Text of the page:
What makes me laugh is how pretentious art snobs defend Pollock. They claim that he's the first person to come up with the idea of splattering paint on a canvas. Hell, I'll bet there's been dozens or even hundreds of Dadaists who came up with the bright idea of framing their drop cloths. Another silly claim is that scientists have analyzed his paintings (!) and found that the splatters follow a distinct Lissajous pattern. I seriously doubt that Pollock was trying to put trig functions in his paintings--a Lissajous figure is a pattern that pretty much any uninspired, alcoholic boor is going to fall into when splattering paint on a canvas.

I live in an artist cooperative and one thing I like to tell visitors is this: You'll see plenty of people in my neighborhood who wear goatees and berets and hang out in coffee shops discussing French existentialistic literature--the artists are the people who DON'T look like that. Seriously, I can't stand cheese or wine (whine?), and the people who find metaphysical profundities in a pile of junk spray-painted black always crack me up.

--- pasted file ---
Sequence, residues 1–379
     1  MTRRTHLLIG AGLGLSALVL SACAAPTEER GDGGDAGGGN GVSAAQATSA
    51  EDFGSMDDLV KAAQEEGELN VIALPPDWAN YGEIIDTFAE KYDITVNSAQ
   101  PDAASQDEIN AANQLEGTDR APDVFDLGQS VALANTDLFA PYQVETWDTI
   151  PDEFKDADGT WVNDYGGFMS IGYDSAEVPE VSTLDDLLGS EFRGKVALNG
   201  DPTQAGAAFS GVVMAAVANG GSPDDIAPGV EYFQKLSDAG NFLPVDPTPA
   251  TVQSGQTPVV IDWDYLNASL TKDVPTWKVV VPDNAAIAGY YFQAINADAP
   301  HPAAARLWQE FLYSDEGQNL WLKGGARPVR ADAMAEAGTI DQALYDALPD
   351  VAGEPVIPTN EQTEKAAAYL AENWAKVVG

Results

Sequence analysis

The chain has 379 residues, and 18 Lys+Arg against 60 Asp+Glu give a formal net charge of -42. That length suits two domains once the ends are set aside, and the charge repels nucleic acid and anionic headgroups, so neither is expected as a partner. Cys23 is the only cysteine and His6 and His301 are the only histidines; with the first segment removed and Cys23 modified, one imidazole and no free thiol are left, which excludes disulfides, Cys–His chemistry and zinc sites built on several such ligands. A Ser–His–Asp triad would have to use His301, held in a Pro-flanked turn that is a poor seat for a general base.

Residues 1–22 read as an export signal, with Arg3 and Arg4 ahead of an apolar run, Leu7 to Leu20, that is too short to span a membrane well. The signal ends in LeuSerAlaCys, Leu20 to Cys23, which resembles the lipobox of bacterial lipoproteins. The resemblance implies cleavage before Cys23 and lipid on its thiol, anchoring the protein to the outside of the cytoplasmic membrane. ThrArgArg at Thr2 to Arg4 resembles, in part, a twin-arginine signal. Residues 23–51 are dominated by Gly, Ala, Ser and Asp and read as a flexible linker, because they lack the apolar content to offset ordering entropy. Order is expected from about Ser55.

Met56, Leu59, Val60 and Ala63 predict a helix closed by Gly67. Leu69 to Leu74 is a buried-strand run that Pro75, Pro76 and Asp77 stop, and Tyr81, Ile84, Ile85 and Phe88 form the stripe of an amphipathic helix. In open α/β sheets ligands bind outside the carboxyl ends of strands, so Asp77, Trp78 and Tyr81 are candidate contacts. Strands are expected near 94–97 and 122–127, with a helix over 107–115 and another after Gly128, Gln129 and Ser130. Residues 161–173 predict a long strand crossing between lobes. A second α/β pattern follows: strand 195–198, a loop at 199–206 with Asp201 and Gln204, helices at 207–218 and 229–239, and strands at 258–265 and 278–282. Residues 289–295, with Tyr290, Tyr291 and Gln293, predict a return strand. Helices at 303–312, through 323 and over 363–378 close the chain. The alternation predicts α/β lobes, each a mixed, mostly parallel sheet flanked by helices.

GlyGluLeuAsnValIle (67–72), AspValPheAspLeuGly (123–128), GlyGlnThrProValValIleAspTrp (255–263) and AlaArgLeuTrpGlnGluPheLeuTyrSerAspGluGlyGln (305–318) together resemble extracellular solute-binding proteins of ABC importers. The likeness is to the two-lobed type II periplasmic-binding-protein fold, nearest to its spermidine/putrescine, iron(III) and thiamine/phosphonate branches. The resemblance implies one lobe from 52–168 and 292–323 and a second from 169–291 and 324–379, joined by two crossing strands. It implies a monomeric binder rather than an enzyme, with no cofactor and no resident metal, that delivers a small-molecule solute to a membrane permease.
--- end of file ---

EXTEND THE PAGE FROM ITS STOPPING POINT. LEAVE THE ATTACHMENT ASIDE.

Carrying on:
Wine snobbery, art snobbery, it's all the same vanity--except that us pot snobs are actually too damned hip for this planet. You ever look at portraits from the Elizabethan period where the various noblemen and women are wearing one of those ridiculous ruffled collars--and usually have a pained expression? There's nothing particularly appealing about a ruffled collar--it's just a way for an aristocrat to say "I can waste 3 hours every day having my servants dress me"...

/but I digress
 
2012-03-06 08:07:07 PM
If Rex Goliath Merlot is wrong I don't want to be right.

See also: Mommy's Timeout. I also had a delicious white from somewhere in the Fingerlakes but i can't remember the name of it for the life of me.